The Danger of Natural GasMay 31, 2014
Natural gas continues to grow in popularity, but could be a lethal energy resource
Natural gas is currently one of the most aggressively supported forms of fuel in the United States. The government has been investing heavily in support of natural gas over the past few years, claiming that this fuel can be used to transition away from fossil-fuels and embrace a more sustainable future. While natural gas is cleaner than both coal and oil, it is still considered a fossil-fuel, and its production may have serious environmental drawbacks that are not receiving much attention.
Natural shale gas is acquired through a process known as hydraulic fracturing, also known as “fracking.” This mining process involves the injection of a mixture of liquid, chemicals, and sand into deep rock formations. This injection creates small fractures in these rock formations, from which gas and petroleum can escape. The process itself is relatively straightforward, but its impact on the environment could be problematic.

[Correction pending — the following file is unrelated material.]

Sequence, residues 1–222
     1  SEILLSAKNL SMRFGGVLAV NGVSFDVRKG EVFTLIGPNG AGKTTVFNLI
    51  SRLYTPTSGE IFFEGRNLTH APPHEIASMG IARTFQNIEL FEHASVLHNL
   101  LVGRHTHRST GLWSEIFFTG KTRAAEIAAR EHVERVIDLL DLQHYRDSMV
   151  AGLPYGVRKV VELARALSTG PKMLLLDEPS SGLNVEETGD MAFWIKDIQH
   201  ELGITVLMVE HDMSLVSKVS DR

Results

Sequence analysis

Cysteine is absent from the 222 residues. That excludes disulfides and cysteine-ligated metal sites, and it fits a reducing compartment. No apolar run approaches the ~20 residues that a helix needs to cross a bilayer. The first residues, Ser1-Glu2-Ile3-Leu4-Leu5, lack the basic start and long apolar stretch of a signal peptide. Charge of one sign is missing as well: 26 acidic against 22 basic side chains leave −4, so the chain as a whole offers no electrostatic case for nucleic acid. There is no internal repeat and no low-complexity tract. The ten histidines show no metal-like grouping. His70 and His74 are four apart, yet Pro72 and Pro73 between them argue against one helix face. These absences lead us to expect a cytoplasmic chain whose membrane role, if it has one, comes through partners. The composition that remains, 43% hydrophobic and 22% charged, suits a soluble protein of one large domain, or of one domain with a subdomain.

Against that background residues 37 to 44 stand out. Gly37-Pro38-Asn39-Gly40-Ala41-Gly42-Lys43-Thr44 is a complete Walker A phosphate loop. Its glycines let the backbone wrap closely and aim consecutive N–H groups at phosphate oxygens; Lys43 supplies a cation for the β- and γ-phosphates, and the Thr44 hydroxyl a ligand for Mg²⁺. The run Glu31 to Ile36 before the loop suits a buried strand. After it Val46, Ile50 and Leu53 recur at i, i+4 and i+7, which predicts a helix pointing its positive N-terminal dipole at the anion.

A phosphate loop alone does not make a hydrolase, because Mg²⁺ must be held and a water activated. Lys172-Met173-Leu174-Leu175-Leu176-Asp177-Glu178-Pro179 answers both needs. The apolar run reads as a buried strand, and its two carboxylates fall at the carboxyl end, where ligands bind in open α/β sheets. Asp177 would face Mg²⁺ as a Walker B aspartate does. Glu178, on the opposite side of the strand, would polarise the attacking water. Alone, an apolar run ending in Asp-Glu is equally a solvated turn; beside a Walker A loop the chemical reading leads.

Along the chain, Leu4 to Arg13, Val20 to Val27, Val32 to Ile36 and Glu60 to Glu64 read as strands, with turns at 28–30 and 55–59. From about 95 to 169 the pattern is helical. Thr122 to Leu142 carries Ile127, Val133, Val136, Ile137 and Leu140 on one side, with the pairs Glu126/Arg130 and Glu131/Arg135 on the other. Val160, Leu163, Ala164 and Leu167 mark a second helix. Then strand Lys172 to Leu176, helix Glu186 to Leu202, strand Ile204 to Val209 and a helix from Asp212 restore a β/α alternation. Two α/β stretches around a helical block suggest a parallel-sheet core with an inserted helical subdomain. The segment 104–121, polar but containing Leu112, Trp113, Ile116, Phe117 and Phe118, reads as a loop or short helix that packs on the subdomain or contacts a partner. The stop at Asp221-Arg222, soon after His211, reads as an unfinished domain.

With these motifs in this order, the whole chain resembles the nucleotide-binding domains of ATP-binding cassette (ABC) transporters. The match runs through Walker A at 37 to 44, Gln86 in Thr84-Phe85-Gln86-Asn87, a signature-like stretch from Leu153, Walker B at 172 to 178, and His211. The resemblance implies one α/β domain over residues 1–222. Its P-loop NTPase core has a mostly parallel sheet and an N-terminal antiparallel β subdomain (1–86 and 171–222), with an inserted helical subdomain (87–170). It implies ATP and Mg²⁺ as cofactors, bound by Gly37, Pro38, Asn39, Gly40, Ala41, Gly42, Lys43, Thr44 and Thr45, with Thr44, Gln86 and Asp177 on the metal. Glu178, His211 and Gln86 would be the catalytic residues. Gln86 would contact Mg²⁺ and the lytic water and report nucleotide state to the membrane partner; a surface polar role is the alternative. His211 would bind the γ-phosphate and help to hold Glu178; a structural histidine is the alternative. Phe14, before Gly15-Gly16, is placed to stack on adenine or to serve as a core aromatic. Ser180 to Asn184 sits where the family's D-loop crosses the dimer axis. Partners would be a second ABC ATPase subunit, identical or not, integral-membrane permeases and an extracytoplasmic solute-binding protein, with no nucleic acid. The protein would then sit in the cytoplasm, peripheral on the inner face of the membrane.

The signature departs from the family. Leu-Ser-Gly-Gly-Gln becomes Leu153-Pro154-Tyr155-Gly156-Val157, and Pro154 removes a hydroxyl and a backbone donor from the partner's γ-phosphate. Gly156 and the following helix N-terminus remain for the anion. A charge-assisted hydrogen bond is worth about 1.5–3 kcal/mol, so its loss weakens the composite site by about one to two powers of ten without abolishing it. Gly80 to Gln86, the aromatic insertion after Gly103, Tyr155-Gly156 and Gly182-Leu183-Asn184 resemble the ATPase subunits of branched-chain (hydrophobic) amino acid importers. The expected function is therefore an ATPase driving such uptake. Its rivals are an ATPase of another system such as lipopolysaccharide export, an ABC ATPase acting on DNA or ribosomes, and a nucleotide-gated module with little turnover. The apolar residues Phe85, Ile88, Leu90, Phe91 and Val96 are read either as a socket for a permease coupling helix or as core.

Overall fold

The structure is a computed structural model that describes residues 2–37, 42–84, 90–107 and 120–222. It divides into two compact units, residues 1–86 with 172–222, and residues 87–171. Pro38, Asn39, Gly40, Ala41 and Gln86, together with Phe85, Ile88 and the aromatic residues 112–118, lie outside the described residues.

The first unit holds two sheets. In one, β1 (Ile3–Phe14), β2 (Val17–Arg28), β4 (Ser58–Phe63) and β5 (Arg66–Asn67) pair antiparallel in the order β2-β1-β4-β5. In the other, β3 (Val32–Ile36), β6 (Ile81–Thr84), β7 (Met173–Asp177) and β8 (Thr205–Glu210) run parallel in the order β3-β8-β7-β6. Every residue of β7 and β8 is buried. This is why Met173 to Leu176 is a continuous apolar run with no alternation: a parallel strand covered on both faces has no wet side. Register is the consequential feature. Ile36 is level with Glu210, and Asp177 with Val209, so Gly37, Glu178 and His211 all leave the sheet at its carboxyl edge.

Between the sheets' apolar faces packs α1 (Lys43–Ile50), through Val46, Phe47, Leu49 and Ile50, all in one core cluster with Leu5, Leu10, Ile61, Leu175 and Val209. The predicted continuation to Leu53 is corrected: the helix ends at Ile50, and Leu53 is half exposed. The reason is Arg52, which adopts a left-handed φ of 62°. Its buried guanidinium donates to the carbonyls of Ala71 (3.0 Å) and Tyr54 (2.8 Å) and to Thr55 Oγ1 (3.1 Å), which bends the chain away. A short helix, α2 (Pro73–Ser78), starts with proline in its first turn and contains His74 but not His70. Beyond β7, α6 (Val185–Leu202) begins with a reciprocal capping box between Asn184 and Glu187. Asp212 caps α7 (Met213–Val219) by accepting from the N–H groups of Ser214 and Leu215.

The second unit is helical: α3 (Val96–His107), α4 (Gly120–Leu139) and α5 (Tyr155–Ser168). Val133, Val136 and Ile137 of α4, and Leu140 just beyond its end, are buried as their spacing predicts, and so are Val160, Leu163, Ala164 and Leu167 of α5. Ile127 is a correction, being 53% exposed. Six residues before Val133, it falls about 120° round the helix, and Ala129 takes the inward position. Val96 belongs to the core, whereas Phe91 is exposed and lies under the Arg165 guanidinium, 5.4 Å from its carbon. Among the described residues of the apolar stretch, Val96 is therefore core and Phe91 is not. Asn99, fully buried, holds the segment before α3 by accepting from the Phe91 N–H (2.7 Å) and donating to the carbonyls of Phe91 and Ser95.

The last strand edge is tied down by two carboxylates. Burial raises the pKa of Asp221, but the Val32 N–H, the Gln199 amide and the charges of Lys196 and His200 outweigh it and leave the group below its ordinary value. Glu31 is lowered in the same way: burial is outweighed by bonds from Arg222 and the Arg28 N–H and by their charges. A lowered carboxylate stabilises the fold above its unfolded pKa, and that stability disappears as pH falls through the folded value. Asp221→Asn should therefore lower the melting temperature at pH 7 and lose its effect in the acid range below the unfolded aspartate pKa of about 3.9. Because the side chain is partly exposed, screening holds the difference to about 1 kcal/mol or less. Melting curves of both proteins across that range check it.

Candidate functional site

Fracking is dangerous
Fracking is a dangerous process despite its seemingly simple nature. The liquid mixture used in fracking contains more than 600 different chemicals, including lead, uranium, radium, and hydrochloric acid. Most natural gas wells extend well beyond 10,000 feet, with these wells passing through water reservoirs. The wells are not specifically designed to contain the toxic chemicals that are used in the fracking process and, as such, these chemicals seep into natural water reservoirs. Methane concentration is 17 times higher is water reservoirs near fracking sites.
Approximately 30-50% of the liquid used in the fracking process is recovered, with the remainder of the fluid left underground. This fluid is not biodegradable and will contaminate anything it comes into contact with. The fluid that is recovered is left to evaporate into the environment, which releases volatile organic compounds that can lead to acid rain, ground level ozone, and contaminated air.
The fracking process produces approximately 300,000 barrels of natural gas on a daily basis, but the energy benefits of this gas may be severely outweighed by the environmental and health damage caused by fracking. Natural gas also produces carbon emissions, which are responsible for their own kind of environmental damage. While natural gas may be popular in the U.S., it may not be as ideal as many think.